There were no excuses coming in, no whining to be heard from the vicinity of 10th and Diamond. Who’d have listened?
Facts, however, are facts: Temple hadn’t played a game before Saturday night, a victim of COVID-19 pandemic scheduling and Philadelphia public health guidelines.
You heard about how maybe it’s an advantage that there was no game film for Navy to look at to prepare for the Owls.
Not being snarky at all. It wasn’t fair in the sense of creating an even playing field. We know, we know. Nothing about 2020 is fair. That’s the nature of this pandemic. Well, for at least the first half at Navy, Temple was losing to the Midshipmen and losing to 2020.
Think about it. Navy had already played three games. The Owls began fully 11-on-11 practicing basically the same week Navy began actually playing games.
This one wound up exciting. In the end, it came down to whether Temple could convert a two-point conversion, probably send it to overtime. Nope. Navy was all over a pass to the tailback. Weird call, after a whole bunch of fine play calls.
Midshipmen 31, Owls 29. Final.
Going in, you thought maybe Temple could out-talent Navy, which had lost big to BYU and Air Force and slipped in a tight comeback win over Tulane in between. But the difference in talent wasn’t baked in going into this season. Temple was picked eighth in the American Athletic Conference by the media in the preseason, while Navy was tabbed for fifth.
Temple only returning a few defensive starters looked like a very big deal, indeed, as Navy’s triple option had all options working from the opening drive, taking it to Temple’s defense, taking way over half the first quarter to do it. No passes, of course.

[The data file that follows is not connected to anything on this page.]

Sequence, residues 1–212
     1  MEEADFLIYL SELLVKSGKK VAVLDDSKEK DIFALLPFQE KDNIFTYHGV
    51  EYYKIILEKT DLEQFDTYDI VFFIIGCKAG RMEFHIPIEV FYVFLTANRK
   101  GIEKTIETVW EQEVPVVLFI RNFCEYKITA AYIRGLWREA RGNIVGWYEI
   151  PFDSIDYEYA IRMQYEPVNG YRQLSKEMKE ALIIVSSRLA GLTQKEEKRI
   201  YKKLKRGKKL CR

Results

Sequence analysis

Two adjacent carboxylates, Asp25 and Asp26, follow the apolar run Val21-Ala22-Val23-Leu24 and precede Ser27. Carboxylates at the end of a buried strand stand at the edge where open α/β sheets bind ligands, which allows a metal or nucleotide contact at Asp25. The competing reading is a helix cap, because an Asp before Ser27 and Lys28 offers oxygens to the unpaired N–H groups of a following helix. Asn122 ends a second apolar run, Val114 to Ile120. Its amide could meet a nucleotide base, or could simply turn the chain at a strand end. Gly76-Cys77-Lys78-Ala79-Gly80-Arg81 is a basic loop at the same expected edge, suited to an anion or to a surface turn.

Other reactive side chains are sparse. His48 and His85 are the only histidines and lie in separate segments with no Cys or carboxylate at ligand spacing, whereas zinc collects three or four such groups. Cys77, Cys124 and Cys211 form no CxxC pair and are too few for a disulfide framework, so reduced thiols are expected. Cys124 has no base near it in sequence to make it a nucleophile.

“Our pad level was just too high,” Temple coach Rod Carey said afterward. “It was a real simple thing. It wasn’t an X and O thing … When you’re pad level is three inches high, against that type of team, you’re going backwards. This was a technique and fundamental thing.”
Every time Navy tried a fourth down to convert, the Midshipmen converted. Each a killer. When Temple made a big fourth-quarter stand, Navy came up with a 50-yard field goal.
Temple quarterback Anthony Russo both looked sharp and showed echoes of last season’s Owls red-zone problems. Russo helped his team for most of the half, then really hurt them just before halftime, throwing a red-zone interception that let Navy get into the locker room with a 21-10 lead.
Meanwhile, Navy seemed to understand this season — the non-Army-Navy game portion anyway — couldn’t be a success without success on this night. On fourth-and-6 at midfield, Navy tried to draw Temple off sides. When that didn’t happen and a timeout was called, you expected a punt. Nope, the Midshipmen went for it, got it, scored again.
Even on special teams, Navy looked sharper, more explosive. Another season of special-teams issues would not be helpful for Temple.
Temple has a terrific young running back and some big-time receivers and a QB who can get the ball to them. We saw that a halftime deficit didn’t mean this was done. But it gets late early against Navy, with all the clock they run off. You need to match their precision.
As the third quarter began, could Temple’s defense finally get a stop? Yes, it could. Three-and-out. Could Temple get down the field and get back in the game. Yes, and yes.
So the momentum had finally turned Temple’s way? The Owls had shaken off their opening-game issues? Not so fast. Navy put on another impressive drive, scoring again, running off most of the third-quarter clock.
Worse still, you saw a Temple single-digit defender lose a grip on a Navy fullback. Those single digits represent Temple Tuff, by team definition. The single-digit defenders weren’t making big plays.
Navy got embarrassed by Air Force a week ago, and wanted to make Temple pay for that embarrassment.
We’ll find out soon enough if Temple’s defense, not nearly good enough in Week 1, can pull off a similar feat in the weeks ahead. Their AAC life depends on it.
"I will not use it as an excuse," Carey said of the late-season start. “Are we where we would have been if COVID hadn’t hit? No. But nobody is.”